It’s been all quiet on the Pacific Northwestern front ever since the Canucks’ season ended, which makes sense, for a number of reasons. Trevor Linden still has a lot of reading to do, for one thing, catching up on the six years he spent away from the game. (Any moment now he’s going to get to 2011, at which point one assumes his love of Boston will dissipate in a hurry.)
For another thing, considering the way the year ended, you can understand why the Canucks might want to lay low for awhile, hold up somewhere safe, have a nice cold pint, and wait for all of this to blow over. (How’s that for a slice of fried gold?)
But as good as the Canucks inactivity is for those running the show, it’s much less so for those of us running this blog. There’s nothing to talk about. There’s nothing going on. It’s a nightmare.
Fortunately, in times like these, there’s always plan C. The “C” stands for controversy. Let’s create one, and then talk about it like it matters.
In a recent game of dodgeball with the kids at the Grandview Boys and Girls Club after-school drop-in, Zack Kassian’s complete level was questioned.
“You can throw a little bit harder,” said a small boy, evaluation Kassian’s performance after the match, “Because sometimes you throw it and it bounces.”
Everybody who’s ever played dodgeball knows that the ball is dead the moment it hits the ground, so letting the thing bounce is just terrible technique. But it’s even more dire than just ensuring Kassian plays the right way. Apparently, it’s bouncing because he’s barely putting anything into his throws. It’s a wonder the balls even cross the centre line.
There are two ways to look at this. On the one hand, Kassian might just be holding back because he doesn’t want to take a kid’s head off. But on the other hand, Kassian’s tendency to have off-games may literally have drifted into another game entirely. If Kassian’s bad habits on the ice are beginning to show themselves in games of dodgeball involving kids, where he should dominate, then fans have every reason to be concerned.
Asked on the radio if he’d ever consider a return to the flying skate logo, Trevor Linden said he wouldn’t rule it out.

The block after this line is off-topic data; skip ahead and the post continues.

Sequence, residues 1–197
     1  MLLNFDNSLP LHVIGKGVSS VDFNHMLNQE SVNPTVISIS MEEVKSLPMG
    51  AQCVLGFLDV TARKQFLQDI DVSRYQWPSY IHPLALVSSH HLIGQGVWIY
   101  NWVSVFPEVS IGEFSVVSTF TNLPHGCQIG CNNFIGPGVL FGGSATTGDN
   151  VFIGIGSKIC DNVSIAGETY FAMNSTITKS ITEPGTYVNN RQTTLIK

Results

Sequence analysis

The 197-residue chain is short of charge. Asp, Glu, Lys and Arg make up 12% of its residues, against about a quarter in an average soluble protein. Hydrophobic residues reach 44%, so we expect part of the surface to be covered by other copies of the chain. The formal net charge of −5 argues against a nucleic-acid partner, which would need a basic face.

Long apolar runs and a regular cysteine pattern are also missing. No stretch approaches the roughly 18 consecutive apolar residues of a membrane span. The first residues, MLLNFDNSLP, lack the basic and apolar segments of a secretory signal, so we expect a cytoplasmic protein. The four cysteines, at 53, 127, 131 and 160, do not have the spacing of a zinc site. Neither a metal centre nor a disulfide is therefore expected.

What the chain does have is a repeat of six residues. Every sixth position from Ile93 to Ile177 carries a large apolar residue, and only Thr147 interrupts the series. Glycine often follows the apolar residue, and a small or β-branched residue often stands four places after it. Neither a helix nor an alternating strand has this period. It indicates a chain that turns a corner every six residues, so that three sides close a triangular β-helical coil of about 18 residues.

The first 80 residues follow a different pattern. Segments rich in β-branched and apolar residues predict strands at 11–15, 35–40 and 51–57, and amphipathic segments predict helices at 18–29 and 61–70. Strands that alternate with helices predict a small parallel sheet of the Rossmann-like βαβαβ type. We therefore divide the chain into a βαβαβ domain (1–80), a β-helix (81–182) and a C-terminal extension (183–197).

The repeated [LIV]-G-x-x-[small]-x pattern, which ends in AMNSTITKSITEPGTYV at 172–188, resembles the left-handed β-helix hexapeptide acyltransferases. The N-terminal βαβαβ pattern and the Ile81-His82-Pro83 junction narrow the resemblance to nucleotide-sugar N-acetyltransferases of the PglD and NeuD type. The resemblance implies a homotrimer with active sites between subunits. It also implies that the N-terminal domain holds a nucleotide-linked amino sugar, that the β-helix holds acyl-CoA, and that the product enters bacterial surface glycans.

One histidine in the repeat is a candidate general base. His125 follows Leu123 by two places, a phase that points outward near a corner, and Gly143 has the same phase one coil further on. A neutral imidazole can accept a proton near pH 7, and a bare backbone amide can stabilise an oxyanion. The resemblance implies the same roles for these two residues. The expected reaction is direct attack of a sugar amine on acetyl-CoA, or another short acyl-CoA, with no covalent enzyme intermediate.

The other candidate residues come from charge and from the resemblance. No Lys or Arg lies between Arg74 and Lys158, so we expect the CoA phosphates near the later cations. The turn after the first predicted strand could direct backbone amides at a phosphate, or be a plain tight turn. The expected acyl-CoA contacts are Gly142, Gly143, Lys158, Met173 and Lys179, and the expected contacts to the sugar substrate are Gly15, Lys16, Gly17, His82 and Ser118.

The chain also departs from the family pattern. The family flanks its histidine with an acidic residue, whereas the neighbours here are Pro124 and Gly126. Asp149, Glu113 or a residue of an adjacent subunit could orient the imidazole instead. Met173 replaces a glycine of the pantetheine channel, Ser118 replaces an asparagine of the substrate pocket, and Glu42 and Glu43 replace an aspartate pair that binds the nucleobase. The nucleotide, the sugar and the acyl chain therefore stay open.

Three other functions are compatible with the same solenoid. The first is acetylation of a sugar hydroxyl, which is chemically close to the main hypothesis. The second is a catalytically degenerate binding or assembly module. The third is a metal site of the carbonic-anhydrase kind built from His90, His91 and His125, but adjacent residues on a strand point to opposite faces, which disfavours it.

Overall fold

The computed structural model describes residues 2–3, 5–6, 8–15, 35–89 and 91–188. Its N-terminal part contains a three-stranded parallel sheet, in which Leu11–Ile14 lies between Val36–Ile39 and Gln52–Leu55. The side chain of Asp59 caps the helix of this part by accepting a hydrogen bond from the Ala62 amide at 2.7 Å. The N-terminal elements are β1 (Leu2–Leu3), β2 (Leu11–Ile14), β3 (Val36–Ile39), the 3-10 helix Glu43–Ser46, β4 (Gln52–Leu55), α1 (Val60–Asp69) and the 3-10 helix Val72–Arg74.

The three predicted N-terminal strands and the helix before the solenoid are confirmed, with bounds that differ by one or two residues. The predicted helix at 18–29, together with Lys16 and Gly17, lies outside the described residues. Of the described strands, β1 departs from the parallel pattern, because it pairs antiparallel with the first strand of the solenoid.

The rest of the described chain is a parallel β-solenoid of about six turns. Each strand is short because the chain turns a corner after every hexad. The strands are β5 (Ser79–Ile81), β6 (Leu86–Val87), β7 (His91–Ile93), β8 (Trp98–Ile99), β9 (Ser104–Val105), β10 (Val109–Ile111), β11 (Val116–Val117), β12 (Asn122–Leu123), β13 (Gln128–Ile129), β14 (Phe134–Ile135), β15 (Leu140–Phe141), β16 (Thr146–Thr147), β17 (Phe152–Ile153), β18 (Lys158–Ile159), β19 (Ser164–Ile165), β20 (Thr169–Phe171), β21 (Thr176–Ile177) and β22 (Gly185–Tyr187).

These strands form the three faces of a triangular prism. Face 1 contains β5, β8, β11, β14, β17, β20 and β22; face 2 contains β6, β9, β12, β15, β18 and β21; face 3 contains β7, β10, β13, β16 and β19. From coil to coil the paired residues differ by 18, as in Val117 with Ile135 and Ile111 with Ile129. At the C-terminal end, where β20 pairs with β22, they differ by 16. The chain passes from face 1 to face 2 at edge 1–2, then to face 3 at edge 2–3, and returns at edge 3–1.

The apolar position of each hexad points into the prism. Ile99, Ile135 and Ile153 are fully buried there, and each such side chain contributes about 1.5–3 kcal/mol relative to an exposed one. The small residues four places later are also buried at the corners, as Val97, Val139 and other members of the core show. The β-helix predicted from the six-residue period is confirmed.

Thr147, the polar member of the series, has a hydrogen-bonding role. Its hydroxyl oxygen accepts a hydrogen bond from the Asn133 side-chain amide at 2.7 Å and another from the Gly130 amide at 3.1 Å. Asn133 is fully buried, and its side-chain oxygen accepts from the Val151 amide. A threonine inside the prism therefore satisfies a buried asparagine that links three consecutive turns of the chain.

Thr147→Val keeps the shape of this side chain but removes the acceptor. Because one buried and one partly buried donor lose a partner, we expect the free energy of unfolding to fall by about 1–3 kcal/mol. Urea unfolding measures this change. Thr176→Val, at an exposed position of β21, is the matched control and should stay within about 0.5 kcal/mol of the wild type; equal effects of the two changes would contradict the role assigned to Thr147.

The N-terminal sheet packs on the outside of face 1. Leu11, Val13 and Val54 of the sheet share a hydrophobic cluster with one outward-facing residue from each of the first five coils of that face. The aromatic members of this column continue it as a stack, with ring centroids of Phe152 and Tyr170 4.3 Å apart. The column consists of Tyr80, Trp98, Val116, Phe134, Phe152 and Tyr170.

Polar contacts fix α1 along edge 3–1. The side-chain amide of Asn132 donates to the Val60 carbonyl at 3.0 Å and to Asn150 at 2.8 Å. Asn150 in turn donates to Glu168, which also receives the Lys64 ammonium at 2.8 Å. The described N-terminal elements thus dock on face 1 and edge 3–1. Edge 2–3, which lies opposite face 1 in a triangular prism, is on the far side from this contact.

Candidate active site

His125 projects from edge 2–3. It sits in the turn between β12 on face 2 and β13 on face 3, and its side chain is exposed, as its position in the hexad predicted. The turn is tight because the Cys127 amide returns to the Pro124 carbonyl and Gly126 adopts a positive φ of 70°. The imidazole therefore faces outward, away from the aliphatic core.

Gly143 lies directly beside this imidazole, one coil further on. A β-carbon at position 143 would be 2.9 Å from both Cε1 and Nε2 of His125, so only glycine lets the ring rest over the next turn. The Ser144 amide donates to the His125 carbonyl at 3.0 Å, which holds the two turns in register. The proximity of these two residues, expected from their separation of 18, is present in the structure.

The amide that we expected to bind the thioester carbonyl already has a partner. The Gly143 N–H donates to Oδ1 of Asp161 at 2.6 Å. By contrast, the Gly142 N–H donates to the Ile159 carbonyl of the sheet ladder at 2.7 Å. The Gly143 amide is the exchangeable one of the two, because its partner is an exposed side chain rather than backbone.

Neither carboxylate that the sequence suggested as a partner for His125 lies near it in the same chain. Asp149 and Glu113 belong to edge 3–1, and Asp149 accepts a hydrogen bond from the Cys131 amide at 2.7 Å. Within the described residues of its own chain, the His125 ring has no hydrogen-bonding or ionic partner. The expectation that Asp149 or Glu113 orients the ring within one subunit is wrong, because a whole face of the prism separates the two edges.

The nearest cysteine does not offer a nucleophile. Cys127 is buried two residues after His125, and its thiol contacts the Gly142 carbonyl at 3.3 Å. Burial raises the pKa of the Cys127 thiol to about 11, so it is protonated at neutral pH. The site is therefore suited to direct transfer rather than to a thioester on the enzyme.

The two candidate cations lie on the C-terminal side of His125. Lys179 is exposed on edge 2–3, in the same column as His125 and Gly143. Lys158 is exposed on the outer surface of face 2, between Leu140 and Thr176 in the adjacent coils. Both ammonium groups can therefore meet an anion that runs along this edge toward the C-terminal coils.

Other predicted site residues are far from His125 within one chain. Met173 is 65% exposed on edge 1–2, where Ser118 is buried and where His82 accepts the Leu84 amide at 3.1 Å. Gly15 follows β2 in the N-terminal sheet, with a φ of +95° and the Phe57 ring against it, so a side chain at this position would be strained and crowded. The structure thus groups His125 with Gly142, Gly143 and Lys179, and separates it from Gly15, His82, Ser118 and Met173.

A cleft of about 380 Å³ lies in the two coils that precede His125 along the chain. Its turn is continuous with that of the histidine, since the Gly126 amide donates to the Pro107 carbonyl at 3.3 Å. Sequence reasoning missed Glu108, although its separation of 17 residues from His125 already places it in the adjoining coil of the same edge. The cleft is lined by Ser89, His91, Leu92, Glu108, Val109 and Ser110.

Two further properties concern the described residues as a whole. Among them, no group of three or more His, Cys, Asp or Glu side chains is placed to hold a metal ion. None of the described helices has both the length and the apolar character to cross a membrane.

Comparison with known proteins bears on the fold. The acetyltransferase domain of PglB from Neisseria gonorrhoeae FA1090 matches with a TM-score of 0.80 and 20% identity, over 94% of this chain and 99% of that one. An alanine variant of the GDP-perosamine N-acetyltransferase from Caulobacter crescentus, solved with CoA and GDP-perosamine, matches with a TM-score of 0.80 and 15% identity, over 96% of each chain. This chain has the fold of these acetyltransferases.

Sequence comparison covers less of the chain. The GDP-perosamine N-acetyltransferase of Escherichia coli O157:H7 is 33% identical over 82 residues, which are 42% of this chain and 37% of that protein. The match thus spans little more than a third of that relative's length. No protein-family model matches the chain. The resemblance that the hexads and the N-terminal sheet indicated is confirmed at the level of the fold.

Look. Considering the current trajectory of the team, there’s probably no more appropriate time to re-adopt a logo that’s pointed downhill. And I understand that we’re enamoured with all things 1994 right now. I also get that Linden’s primary job, far more than hiring a new GM, is saying vague things that will get fans excited. But I’m sorry. Do the Canucks not have enough third jerseys already? They basically have two right now — the stick in rink, and the Millionaires duds (which should probably be retired, since nothing good ever happens in them).
This raises some alarming questions: is Linden considering a switch to the skate full-time, and if so, what is Trevor Linden’s beef with the orca? Does he hate orcas? Has Trevor Linden ever gone on record as saying he doesn’t hate orcas? He has not, and that’s concerning. The blackfish is a staple of the Pacific Northwest. If Linden hates these majestic creatures, how can be he trusted to represent the best interests of our hockey team? I submit that he cannot.
Manny Malhotra is a nominee for the Masterton trophy, after overcoming the Canucks giving up on him.
Malhotra’s story is an inspiring one. After the Canucks effectively told him his career was over, he turned around, said, nah, and worked his way back to the bigs. From the NHL:
Malhotra, 33, was the Vancouver Canucks‘ Masterton nominee in 2011-12 after returning from a serious eye injury suffered the season before. Refusing to believe his NHL career was over last fall, Malhotra signed a professional tryout agreement with the Charlotte Checkers, Carolina’s American Hockey League affiliate, on Oct. 3 and signed as a free agent with the Hurricanes four weeks later. He appeared in 69 regular-season games, assumed a leadership role in serving as an alternate captain and ranked second among all NHL players in face-off percentage (59.4%).
Basically, Malhotra is up for this award for proving the Canucks wrong. The Canucks were wrong, and I am outraged about it. I demand answers into how they could misevaluate Malhotra so. I call their entire player evaluation system into question! Show us the tapes!